The Release Box: For When Emotions Are Too Much

Recently, our family went through a minor yet emotional upset. 

This is Blue Rock, my son's very first pet, a Betta Fish.  Blue Rock unexpectedly died.  This event brought up new and unfamiliar emotions for my six year old.

The event also started conversations we haven't had before, such as how people express grief and why we have ceremonies.   We talked about how ceremonies help us all to process our emotions.  They are important to help us share our grief and express what is going on inside.

Then, we talked about the ceremonies that are called funerals and the sorts of things that people do at them.  It was an emotional little conversation.  And then I gave my son an action plan:  I told him he could choose if he wanted to give Blue Rock a funeral.  And he could choose how that funeral went, and he could perform some ceremonies if he wished. 

My son chose to have a funeral for his pet.  First, he lovingly crafted a little box for his fish.  Then, he made a grave marker with a stone and dug a little hole outside in the dirt.

We stood as a family with him as he thanked God for the opportunity to have Blue Rock for a little while.  He laid a sprig of holly on the grave.  And that was all. 

A few tears and red eyes later, he was out playing with his sisters.  He had found a way to process his grief and could move on.

I took note that my son needed to express his grief.  This simple ceremony allowed him to do that. 

How many children are experiencing deep, heavy emotions and have no way to express them or do something about them?

Out of this, came "The Release Box", a free packet from Glimmercat Education for anyone to use, but specifically made for teachers and parents of children, age 5 to 12.

This is a single lesson, perhaps enough to cover 30 to 45 minutes in a classroom, if you take the time to do the Release Box Ceremony.  It is easy yet complex in what it deals with.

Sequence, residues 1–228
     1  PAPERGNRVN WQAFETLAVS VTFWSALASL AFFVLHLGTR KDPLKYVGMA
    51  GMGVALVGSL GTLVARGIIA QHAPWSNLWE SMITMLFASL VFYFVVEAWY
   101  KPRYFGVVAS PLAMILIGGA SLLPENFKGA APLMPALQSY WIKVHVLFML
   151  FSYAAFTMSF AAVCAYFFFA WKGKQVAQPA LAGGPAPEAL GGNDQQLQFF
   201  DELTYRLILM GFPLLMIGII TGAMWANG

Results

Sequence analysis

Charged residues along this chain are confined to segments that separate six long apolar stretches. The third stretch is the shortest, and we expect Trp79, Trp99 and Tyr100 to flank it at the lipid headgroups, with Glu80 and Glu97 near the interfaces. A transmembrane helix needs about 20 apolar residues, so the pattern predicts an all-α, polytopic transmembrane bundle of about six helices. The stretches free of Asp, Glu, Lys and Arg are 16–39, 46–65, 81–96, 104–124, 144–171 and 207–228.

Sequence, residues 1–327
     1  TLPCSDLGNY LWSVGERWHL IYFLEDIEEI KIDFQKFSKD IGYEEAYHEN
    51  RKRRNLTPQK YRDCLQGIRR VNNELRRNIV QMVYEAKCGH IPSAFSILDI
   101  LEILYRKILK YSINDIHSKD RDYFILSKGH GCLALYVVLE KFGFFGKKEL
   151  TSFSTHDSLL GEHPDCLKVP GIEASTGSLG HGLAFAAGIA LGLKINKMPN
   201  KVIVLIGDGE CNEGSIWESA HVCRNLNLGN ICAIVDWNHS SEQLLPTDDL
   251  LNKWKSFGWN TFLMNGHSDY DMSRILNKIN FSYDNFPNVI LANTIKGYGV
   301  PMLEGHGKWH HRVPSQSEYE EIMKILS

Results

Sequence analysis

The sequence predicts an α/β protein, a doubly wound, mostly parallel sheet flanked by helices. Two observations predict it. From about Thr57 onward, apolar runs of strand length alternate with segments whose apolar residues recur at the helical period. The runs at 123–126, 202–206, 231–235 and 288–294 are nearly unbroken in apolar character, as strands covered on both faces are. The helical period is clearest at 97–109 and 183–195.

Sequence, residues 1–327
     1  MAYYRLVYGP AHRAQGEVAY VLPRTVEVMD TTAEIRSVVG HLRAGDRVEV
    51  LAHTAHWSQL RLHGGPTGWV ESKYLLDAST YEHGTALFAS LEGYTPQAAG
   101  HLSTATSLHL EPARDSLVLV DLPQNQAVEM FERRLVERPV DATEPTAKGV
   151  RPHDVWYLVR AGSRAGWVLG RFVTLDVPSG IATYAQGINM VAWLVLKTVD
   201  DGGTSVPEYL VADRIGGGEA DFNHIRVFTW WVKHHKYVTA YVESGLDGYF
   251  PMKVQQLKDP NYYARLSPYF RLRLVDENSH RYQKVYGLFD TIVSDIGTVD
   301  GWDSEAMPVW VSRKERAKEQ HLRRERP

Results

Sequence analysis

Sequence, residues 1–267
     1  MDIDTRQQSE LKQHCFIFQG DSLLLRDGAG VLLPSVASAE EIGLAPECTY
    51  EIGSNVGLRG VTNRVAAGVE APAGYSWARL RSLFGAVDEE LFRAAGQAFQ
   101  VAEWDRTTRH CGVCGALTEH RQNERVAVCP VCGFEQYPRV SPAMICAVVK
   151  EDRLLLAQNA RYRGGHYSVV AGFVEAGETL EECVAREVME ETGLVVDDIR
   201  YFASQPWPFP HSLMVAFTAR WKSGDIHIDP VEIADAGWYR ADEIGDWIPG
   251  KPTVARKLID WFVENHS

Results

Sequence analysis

To clarify, I am no psychiatrist.  But like Mr. Rogers, I am very aware that children need a safe place to express grief and fear and anger.  Here is what is included in this seven page packet.



The HANDOUT for the child:

The EMOTICONS or WORDS of emotions to release (With a Note regarding a Release Ceremony):


Remember, there are many challenging emotions that we adults are dealing with these days.  And unfortunately, even with the best of intentions our fears and concerns, anger and frustration, can sometimes spill over onto our kids.  For some children, that is just too much.  Too heavy.  Too intense.

If you find yourself having difficult conversations, walk with your child through a Releasing ceremony.  Give them the opportunity to talk about their feelings.  Let them share about their hurts or heavy burdens.  Affirm them in those feelings.  It's important that they know that every feeling has an important purpose.  And then, give them the opportunity to release the heavier ones.  They don't need to carry them.

To download this free packet, go here

A beautiful picture book that might tie in well with this lesson is an incredible book I recently found entitled, "If You Plant a Seed" by Kadir Nelson. 

You can preview this incredibly written and beautifully illustrated story right here:

Thanks for reading. 


Amanda said...

Thank you for this great resource. Helping children deal with grief is so important, but so difficult.

LearningWithMrsKirk said...

Thank you for sharing this post! Sometimes it is hard to discuss grief and other strong emotions with our children and your suggestions are helpful!

Christina Morrison said...

You are both so welcome. Mr. Rogers was a pro at all this, wasn't he? One of my favorite quotes from him, is the one where he tells children to "look for the helpers" in times of disaster or uncertainty.

I think that we, as teachers, have a fabulous opportunity to be one of those helpers. Thanks for all that both of you do each day to help.